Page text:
Fire up the grill

Paul Smith
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It looks like this summer is light-years better than last for most outdoor activities, except for salmon fishing. The high temperatures and lack of rain have undoubtedly left many with the “low water blues” as I wrote about in last week’s column.

If I recall correctly, the mercury never hit 20 C until at least early August in 2011. But 2012 is shaping up to be a stellar summer for camping, swimming, mountain biking, sailing or whatever else tickles your outdoor palate.

I love to grill. I fired up the ’cue last year even when the temperature was just a single digit, but it’s a whole lot more fun with a balmy summer breeze rustling the maples in the backyard. Patio barbecuing and cooking is the essence of summer, in my world.

Grilling stuck in my bloodstream during my preteen years, when I was living in Gander. All the boys in the neighbourhood would get together in the evenings just after dark for a barbecue. Of course, in those days, long before the popularity of gas grills, our cooking was done on real, honest-to-goodness coals. We’d light the coals at sunset in one of our parents’ backyards, and sip a Coke or Pepsi while the flames transformed grimy black charcoal through glowing red to white hot. I remember and cherish those times like it was yesterday.

You can barbecue most anything. I’ve grilled lobster, corn in the husk, and just about everything in between. I think my diverse use of charcoal and gas was sparked and inspired early in life by Alvin Tucker, one of my Gander barbecue buddies.

Alvie, as we called him, had no burger patties, wieners, or pork chops on one particularly sultry central Newfoundland evening. What does one do when none of the mainstream barbecue delights are available? Necessity is the mother of invention, and even young Newfoundlanders are a resourceful lot.

Alvie dug out a rabbit from deep in the lowest crevices of his basement deep freeze. “This will do,” says Alvie.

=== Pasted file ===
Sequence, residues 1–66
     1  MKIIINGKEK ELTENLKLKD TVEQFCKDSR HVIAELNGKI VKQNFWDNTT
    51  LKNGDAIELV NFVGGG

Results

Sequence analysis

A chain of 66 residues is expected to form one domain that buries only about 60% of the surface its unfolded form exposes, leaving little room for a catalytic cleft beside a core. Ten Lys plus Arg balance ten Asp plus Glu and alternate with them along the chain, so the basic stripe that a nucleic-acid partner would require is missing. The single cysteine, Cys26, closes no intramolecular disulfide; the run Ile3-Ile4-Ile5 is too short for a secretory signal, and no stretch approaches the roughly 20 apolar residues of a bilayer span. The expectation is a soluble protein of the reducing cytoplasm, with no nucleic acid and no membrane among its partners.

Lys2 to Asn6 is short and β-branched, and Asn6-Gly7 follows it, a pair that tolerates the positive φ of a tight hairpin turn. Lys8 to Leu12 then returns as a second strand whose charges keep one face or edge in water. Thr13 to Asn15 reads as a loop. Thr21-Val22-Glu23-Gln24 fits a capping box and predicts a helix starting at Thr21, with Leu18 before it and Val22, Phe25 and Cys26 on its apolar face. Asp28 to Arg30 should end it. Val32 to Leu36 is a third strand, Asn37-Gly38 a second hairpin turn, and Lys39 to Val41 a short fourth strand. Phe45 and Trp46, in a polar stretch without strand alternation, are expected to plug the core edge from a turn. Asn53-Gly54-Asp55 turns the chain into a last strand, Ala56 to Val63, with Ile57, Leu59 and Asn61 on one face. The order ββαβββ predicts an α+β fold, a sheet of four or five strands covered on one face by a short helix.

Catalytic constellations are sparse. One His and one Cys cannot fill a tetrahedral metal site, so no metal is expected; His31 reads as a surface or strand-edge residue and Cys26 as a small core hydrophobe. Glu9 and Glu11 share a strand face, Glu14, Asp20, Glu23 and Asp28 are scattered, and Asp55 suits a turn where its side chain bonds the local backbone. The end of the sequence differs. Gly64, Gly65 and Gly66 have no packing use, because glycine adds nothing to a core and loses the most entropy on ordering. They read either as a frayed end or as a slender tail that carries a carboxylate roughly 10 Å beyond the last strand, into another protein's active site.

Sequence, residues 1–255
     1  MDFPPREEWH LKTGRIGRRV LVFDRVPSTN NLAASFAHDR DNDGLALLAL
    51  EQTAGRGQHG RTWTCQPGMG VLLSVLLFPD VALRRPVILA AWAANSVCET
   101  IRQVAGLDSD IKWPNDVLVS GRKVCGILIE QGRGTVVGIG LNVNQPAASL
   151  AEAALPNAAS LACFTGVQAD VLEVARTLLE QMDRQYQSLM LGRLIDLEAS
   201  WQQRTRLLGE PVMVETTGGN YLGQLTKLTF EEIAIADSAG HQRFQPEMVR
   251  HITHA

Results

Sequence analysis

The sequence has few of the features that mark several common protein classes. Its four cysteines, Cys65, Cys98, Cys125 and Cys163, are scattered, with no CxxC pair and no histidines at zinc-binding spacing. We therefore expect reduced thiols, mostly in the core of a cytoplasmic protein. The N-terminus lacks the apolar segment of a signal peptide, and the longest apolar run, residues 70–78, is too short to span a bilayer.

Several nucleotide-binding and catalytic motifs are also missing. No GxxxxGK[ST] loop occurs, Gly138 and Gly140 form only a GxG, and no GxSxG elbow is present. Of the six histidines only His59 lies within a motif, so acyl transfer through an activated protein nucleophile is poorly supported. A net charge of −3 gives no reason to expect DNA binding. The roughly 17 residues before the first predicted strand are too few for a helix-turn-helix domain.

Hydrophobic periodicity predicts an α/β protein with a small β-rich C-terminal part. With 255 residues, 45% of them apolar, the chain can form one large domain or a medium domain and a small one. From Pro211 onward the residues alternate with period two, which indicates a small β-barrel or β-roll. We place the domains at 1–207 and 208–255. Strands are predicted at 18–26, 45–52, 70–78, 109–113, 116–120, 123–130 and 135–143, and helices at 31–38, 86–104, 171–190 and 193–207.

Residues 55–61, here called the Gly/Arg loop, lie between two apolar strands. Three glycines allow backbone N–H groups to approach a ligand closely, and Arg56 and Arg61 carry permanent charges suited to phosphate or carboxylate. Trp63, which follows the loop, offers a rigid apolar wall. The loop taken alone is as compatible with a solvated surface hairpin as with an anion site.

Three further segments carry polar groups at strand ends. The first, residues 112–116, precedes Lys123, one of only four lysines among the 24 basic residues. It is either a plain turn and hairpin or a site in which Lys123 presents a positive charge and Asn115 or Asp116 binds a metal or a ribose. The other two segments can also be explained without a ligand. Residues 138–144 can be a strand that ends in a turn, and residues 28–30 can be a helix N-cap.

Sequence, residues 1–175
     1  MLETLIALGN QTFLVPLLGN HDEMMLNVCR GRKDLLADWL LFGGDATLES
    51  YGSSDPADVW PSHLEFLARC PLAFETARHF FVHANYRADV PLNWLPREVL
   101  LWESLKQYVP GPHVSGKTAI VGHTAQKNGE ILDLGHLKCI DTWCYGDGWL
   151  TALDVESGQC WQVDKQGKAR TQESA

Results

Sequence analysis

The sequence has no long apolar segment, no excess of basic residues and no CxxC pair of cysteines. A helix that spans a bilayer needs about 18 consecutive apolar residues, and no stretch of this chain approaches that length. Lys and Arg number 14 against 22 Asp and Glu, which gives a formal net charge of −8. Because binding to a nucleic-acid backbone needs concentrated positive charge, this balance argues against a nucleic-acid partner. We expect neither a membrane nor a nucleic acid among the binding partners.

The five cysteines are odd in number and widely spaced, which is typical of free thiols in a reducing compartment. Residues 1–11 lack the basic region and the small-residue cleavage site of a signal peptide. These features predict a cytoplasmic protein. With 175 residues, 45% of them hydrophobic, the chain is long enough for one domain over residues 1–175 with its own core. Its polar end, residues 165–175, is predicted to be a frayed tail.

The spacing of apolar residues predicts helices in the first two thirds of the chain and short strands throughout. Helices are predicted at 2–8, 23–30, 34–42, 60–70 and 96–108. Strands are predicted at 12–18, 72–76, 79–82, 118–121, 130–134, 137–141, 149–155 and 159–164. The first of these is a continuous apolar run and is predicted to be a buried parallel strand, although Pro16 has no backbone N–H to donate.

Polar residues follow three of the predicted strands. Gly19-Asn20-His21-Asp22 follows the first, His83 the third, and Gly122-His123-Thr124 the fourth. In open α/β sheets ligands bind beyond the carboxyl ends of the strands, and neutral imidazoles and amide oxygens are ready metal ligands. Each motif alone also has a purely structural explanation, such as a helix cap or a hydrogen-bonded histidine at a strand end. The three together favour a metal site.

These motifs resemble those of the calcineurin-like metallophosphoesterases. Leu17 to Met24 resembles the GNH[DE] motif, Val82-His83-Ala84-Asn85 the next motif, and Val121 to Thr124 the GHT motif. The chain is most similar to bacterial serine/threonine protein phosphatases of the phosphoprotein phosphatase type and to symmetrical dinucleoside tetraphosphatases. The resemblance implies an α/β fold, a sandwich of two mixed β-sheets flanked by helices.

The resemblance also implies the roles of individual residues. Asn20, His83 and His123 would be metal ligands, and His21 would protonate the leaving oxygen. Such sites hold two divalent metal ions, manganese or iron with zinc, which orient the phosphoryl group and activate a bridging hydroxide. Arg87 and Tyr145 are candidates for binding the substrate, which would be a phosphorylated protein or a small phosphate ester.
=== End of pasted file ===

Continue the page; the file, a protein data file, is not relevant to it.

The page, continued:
We boys questioned his culinary choice, but on we marched, a group of seven or eight to my parents’ backyard.

I can still hear my mother’s reaction to Alvie’s rabbit.

“Max, come out and see this!” My mother and father talked and laughed about barbecuing a rabbit for years.

Back in those days, the early 1970s, grilling in the backyard was new to Newfoundlanders, and those who grilled at all stuck to more traditional fare like steak, hamburgers and pork chops. Even chicken was a challenge to my dad, but that’s whole other fiery story. He tended to overcook things just a bit.

Anyway, my mother helped Alvie out by wrapping his rabbit in aluminum foil complemented with a few onions, barbecue sauce and a wee ration of pork. Onto the coals it went aside our hotdogs and hamburgers.  There’s no doubt who had the healthiest meal, although I don’t recall that issue entering the conversation at the time. Cholesterol was not in our 12-year-old vocabularies.

The rabbit turned out absolutely delicious. We all wanted a taste. My father even came out in the yard for a bite. Alvie was now the master chef of Elizabeth Drive.

For my part, I’ve grilled plenty of rabbits since those early barbecuing days. I’ve even grilled them on a stick over an open fire. Now that’s the best-tasting rabbit ever — just a dash of salt and a generous portion of black pepper. Yes, I carry a pepper grinder into the woods with me.

The trick to woods grilling is letting the fire burn down till you’re left with real coals glowing red hot. That’s the sweet spot for grilling rabbit, moose, salmon or whatever else you have on hand. You might recall me talking about grilling salmon by the riverside some time ago. Now that’s an unbeatable summer treat.

Out of the woods and back on the patio or deck, grill whatever is in season. On my daughter’s birthday, just a few weeks back, guess what was in season? The lobster fishery was in full swing.

Allison, my youngest daughter, loves shellfish and all sorts of seafood. She wanted lobster for her 23rd birthday celebration. I picked up lobsters for all.

Goldie and I boiled the lobsters the day before and kept them in the refrigerator until it was time to fire up the ’cue on the big day. Birthdays are a big deal at our house and are always celebrated in fine culinary style; at least to the best of our abilities.

The lobsters went on the grill along with other assorted treats like steak, grilled vegetables and moose sausage. Lobsters on a hot grill can kick up quite a mouth-watering aroma, an incense of seawater and the crustaceans’ own succulent white flesh. It’s quite tantalizing.

The moose sausage appetizers were absolutely essential to temporarily quell our excited appetites. It was a feast fit for kings, queens, and darling daughters on their special days.

Our new granddaughter was in on the festivities, as well, but she isn’t quite ready for lobster just yet, although she was a tad fascinated by the sight of the boney looking critters.

Fire up the grill this summer and let your imagination take you places your tastebuds have never travelled. Relax, have a glass of wine or beer, and enjoy the season with family and friends.


 Paul Smith, a native of Spaniard’s Bay,

fishes and wanders the outdoors at every opportunity. He can be contacted at

Geographic location: Gander, Newfoundland

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